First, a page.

In Livy's narrative of the Bacchanalian affair of 186 BCE (39.8-20), we see a process through which Roman society's views on religious and sexual norms are brought to coincide with practices by means of legal restrictions. The celebration of the Bacchic mysteries, a religious activity primarily belonging to the sphere of women, spills over to the sexual practices of male citizens, especially those of young age. The episode has been examined by scholars interested in determining the various dimensions of this historical event, especially in conjunction with the Senatus Consultum de Bacchanalibus (CIL2 581 = ILLRP 511; e.g. Gruen) or as it relates to our knowledge of women's role in the Bacchic mysteries (Beard et al., Takács, Schultz). It has also been examined from various literary perspectives, with especially illuminating the influence of Roman comedy on Livy's version of the events (e.g. Scafuro, Walsh). Most relative to my thesis, Williams has argued that the episode is concerned with the problem of illicit sex in general, not with homosexuality in particular. In this paper, I argue that social views on homosexuality are at the heart of the issues in this narrative and go hand in hand with a perceived empowerment of women through the performance of their religious tasks. I suggest that Livy creates a correlation between women's empowerment and young men's disempowerment, evident in the latter's depiction as passive sexual objects. An examination of Livy's narrative shows that women's empowerment through their roles in the celebration of the mysteries abets and even promotes a relaxation of sexual mores, offers an opportunity for their removal, and threatens the social and sexual identity of young male citizens. This threat is not only expressed by means of metaphors but also through the depiction of the mysteries as physically endangering young men's lives. The state's intervention succeeds in effecting the necessary realignment between social views and practices but only through the inflictment of terror and bloodshed on a vast portion of the citizen body. This in turn raises new questions on the relationship between state ideology and social practice.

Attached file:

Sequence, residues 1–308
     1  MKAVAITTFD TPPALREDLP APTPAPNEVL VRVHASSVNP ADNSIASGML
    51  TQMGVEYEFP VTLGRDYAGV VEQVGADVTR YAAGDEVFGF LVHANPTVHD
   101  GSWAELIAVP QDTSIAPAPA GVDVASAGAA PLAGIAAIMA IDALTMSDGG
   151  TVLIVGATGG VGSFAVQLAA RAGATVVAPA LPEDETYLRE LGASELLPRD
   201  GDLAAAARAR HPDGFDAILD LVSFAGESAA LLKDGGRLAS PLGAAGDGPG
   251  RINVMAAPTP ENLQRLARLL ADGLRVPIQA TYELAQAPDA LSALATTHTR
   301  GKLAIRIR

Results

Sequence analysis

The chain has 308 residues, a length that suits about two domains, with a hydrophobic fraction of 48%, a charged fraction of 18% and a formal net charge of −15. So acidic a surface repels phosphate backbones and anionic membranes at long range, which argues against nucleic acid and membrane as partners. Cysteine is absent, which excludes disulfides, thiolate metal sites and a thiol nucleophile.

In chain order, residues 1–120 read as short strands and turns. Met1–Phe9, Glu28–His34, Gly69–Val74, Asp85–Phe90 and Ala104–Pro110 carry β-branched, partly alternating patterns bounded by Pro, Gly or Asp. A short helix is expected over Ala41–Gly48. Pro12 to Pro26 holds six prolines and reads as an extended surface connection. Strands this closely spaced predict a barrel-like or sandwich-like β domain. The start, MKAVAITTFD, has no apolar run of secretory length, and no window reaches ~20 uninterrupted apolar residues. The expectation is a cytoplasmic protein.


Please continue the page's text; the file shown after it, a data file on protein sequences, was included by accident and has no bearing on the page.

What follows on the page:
More specifically, the narrative begins with social norms on religious and sexual activity being at a disconnect with social practices, and with the authorities apparently unaware of this disconnect. The consul Postumius gradually becomes privy to the true nature of the Bacchic mysteries which are revealed to involve all kinds of illegal and illicit activity, from homosexual relationships to forged wills and murder. In fact, the strict correlation of all three testifies to the importance of the threat caused by homosexual behavior. The disconnect between society and state is personified in the figure of Faecenia Hispala, a former slave prostitute who emerges as a pillar of uprightness in the face of rampant moral and sexual corruption. Hispala's status illustrates this purported reversal between status and morality in Roman society. Respectable matrons such as Aebutius' mother Duronia are engaged in illicit and illegal activities, empowered by the performance of their religious tasks. Duronia's power over her son as a mother is compounded by her ability to initiate him to the Bacchic mysteries, which in turn gives her the opportunity to potentially effect his sexual corruption and/or physical death. The importance of illicit sexual behavior (of which homosexual activity appears to be its greatest facet) is illustrated by the frequent use of the term stuprum (10 instances: 39.8.7, 39.8.8, 39.10.7, 39.13.10, 39.13.13, 39.13.14) and its correlation with violence (paired with vis or caedes in 3 instances: 39.8.8, 39.10.7, 39.18.4). The violence the mysteries inflict upon male citizens is mirrored by the violence eventually exercised by the state, thus raising questions about the legitimacy of the state's intervention in the eyes of the social body and on the real state of social views on homosexuality in general.